Vacation Strategies: Play Now? Pay Later?

We’re on vacation: nCoppa ai baci di damao work, drink more than usual, abandon normal dietary controls, and don’t exercise… Well, that’s the formula used by far too many vacationers, especially those over 60, and especially those on cruises.  We were on a cruise in the South Pacific two years ago.  On board was a Canyon Ranch Spa!  Being exercise zealots, we were in the gym every day for a couple of hours, and additionally took yoga, Pilates and other fitness classes.  We watched our diet, didn’t over consume, didn’t eat one of those fresh morning cinnamon rolls, did active shore excursions and came back 5 pounds lighter!  Regrettably, we watched our shipmates expand…waistlines, that is.  Multiple trips to the breakfast, lunch and dinner buffet lines, lots of those fresh cinnamon rolls, not one but two trips to the ice cream dispensary at lunch (it was hot and humid, after all), fine dining restaurants, and oh those desserts!  Certainly didn’t see most of them in the gym.  So what’s wrong with a little excess?  After all, we’re on vacation!

On this 15-day cruise, it was easy to follow the mainstream vacationer’s journey and consume 5,000 to 8,000 calories a day.  That easily translates into 1 to 2 pounds of daily weight gain. (it takes a surplus of 3,500 calories/day to gain 1 pound per day – an ice cream sundae can be over 1,000 calories and over 30 grams of mostly saturated fat).  So, that equates to 15-30 pounds over the course of the trip if you really don’t control consumption and don’t exercise to increase caloric burn.  To return home and resume normal activities will keep that 15-30 pounds on your frame, most of which will be visceral and abdominal fat which raises your risk of heart attack, diabetes, etc.  Let’s say you go on a diet to get back to where you were, which might not be where you want to be.  Faithful dieting and incremental exercise (not just what you were doing before the trip, but more vigorous, more often and for longer times) would take you about 4 months to recover to your baseline.  Time for another cruise?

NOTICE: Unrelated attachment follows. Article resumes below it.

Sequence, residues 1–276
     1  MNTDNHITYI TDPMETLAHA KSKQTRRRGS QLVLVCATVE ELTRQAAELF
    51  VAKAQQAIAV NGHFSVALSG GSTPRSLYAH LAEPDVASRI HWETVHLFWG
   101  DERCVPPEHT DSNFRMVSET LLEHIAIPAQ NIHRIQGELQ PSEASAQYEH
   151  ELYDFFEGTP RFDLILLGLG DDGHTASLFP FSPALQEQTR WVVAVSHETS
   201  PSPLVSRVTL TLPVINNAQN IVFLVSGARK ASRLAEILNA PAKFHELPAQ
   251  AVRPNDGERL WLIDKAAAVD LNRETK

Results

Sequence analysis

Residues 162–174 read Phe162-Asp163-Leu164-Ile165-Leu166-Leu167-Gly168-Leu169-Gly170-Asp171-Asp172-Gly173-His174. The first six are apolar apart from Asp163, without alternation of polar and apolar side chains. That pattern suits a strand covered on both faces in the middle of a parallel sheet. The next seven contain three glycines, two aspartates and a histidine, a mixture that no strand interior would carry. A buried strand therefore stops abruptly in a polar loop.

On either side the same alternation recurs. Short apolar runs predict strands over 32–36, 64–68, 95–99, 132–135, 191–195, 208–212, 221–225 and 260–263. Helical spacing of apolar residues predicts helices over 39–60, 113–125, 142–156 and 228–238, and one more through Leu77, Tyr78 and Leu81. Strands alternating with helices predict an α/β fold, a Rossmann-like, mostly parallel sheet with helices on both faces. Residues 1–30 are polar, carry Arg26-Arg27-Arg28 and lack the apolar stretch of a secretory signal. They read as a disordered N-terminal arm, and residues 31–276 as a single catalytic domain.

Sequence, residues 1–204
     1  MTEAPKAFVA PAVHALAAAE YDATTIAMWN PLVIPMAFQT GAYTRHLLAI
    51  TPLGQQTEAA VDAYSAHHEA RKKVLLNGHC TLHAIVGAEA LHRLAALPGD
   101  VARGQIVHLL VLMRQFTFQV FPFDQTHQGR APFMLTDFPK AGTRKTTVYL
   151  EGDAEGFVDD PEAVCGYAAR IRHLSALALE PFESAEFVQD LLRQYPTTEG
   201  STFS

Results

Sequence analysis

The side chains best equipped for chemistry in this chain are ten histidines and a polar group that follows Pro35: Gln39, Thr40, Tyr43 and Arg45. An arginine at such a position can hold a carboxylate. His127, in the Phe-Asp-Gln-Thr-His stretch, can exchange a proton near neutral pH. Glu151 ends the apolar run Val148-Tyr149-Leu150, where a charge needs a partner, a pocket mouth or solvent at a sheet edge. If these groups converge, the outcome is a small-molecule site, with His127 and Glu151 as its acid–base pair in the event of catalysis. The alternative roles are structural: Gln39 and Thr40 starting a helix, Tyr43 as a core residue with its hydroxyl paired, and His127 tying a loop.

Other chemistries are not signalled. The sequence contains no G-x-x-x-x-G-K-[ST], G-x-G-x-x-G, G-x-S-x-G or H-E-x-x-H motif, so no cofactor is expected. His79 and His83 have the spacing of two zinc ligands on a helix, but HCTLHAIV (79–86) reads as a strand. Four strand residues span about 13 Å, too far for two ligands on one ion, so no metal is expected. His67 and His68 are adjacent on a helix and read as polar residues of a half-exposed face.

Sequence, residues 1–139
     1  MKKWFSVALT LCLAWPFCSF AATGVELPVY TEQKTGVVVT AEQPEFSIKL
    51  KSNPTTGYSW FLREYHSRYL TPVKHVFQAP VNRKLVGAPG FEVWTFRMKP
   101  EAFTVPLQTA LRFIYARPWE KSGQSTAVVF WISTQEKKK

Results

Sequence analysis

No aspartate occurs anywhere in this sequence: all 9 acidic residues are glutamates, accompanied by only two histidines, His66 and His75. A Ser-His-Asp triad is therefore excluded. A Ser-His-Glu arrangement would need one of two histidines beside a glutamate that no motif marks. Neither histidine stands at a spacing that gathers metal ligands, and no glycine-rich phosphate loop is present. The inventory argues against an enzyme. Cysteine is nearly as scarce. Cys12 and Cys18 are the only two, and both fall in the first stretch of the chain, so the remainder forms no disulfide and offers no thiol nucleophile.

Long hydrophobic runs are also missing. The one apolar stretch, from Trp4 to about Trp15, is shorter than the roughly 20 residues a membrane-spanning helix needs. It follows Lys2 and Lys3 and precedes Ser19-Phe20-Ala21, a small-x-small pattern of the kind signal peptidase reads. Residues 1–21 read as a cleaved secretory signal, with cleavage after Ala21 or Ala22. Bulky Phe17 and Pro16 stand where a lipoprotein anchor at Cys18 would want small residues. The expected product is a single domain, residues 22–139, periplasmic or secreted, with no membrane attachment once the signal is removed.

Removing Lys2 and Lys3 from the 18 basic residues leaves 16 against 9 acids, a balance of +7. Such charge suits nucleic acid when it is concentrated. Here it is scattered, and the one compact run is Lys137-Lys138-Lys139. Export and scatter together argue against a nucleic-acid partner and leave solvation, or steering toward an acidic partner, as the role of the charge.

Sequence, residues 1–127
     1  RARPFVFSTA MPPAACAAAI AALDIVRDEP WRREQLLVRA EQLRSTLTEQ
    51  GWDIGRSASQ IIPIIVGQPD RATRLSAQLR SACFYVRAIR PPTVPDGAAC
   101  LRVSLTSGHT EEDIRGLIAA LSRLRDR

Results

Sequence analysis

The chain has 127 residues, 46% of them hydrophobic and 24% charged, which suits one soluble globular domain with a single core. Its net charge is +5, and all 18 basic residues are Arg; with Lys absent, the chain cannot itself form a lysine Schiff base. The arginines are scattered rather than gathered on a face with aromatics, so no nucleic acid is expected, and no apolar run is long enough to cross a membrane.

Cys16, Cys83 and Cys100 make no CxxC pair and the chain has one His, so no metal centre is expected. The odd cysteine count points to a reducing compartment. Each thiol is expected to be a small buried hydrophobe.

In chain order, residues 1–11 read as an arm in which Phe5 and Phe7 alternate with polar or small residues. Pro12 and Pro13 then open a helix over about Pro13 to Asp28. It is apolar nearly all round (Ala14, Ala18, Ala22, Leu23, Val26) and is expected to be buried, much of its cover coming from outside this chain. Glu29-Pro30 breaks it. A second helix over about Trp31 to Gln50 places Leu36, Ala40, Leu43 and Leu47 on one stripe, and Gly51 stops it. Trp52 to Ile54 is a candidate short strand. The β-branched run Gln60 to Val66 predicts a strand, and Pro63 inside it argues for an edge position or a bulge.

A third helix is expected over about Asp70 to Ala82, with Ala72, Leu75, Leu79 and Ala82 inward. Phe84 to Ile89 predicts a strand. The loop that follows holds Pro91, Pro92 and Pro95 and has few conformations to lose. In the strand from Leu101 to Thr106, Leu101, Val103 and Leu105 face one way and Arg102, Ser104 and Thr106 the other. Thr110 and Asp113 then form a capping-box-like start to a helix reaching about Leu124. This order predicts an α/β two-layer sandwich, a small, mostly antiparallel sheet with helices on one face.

I know this seems a bit obvious, but think of that vacation as a time to get healthy, reduce your stress, exercise more (most people say they’d like to do this anyway), do as much physical activity tourism as you are capable of doing.  You can eat things you don’t normally eat, but everything is OK in moderation.  Keep that calorie intake at normal or just above normal levels.  SKIP THE BUFFET lines, and just order from a menu, less rather than more.

Have a happy, and healthy vacation!

 

 

Author: turning60andbeyond

Sandi Feaster is a registered nurse and health educator. She has worked in the corporate world as well as taken care of people with chronic health conditions. Sandi is convinced that we can improve our lives by educating ourselves and learning how we can curate the life we want. It may seem simple, but exercise and eating healthy food is the foundation of a longer, healthier and engaged life.

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